Phylogeny and a structural model of plant MHX transporters
- Equal contributors
The Mina and Everard Goodman Faculty of Life Sciences, Bar-Ilan University, Ramat-Gan 5290002, Israel
BMC Plant Biology 2013, 13:75 doi:10.1186/1471-2229-13-75Published: 2 May 2013
The Arabidopsis thaliana MHX gene (AtMHX) encodes a Mg2+/H+ exchanger. Among non-plant proteins, AtMHX showed the highest similarity to mammalian Na+/Ca2+ exchanger (NCX) transporters, which are part of the Ca2+/cation (CaCA) exchanger superfamily.
Sequences showing similarity to AtMHX were searched in the databases or sequenced from cDNA clones. Phylogenetic analysis showed that the MHX family is limited to plants, and constitutes a sixth family within the CaCA superfamily. Some plants include, besides a full MHX gene, partial MHX-related sequences. More than one full MHX gene was currently identified only in Oryza sativa and Mimulus guttatus, but an EST for more than one MHX was identified only in M. guttatus. MHX genes are not present in the currently available chlorophyte genomes. The prevalence of upstream ORFs in MHX genes is much higher than in most plant genes, and can limit their expression. A structural model of the MHXs, based on the resolved structure of NCX1, implies that the MHXs include nine transmembrane segments. The MHXs and NCXs share 32 conserved residues, including a GXG motif implicated in the formation of a tight-turn in a reentrant-loop. Three residues differ between all MHX and NCX proteins. Altered mobility under reducing and non-reducing conditions suggests the presence of an intramolecular disulfide-bond in AtMHX.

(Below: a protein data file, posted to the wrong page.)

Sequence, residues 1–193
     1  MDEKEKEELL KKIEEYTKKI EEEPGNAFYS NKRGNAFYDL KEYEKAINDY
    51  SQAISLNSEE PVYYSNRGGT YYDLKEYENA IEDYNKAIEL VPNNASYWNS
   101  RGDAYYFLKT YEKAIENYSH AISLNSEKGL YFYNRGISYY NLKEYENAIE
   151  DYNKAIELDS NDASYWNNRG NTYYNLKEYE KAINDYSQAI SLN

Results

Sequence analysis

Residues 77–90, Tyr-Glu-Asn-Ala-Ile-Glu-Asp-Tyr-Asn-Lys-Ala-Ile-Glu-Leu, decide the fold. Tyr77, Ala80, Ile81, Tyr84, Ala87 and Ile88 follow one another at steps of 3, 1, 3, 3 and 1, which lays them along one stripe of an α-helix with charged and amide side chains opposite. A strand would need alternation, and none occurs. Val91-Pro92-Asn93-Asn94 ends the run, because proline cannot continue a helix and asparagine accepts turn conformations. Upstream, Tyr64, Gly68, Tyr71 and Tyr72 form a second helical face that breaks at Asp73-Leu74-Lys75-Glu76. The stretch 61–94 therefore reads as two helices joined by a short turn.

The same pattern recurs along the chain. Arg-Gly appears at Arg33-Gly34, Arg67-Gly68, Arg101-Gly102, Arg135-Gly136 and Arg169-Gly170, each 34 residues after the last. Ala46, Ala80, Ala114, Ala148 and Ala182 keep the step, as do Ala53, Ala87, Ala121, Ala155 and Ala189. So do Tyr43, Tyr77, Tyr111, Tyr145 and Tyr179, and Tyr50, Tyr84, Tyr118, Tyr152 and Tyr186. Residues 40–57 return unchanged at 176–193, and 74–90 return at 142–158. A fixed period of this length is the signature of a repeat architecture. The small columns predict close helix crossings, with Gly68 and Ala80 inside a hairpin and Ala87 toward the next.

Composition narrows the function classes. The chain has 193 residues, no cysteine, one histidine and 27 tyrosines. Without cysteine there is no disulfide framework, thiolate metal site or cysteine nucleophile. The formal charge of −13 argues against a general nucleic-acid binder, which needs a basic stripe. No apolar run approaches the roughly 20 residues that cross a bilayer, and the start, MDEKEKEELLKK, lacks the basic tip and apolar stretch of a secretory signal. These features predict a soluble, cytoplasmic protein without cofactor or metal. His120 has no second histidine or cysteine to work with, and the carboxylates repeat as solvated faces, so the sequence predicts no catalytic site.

The absence of MHX genes in non-plant genomes and in the currently available chlorophyte genomes, and the presence of an NCX in Chlamydomonas, are consistent with the suggestion that the MHXs evolved from the NCXs after the split of the chlorophyte and streptophyte lineages of the plant kingdom. The MHXs underwent functional diploidization in most plant species. De novo duplication of MHX occurred in O. sativa before the split between the Indica and Japonica subspecies, and was apparently followed by translocation of one MHX paralog from chromosome 2 to chromosome 11 in Japonica. The structural analysis presented and the identification of elements that differ between the MHXs and the NCXs, or between the MHXs of specific plant groups, can contribute to clarification of the structural basis of the function and ion selectivity of MHX transporters.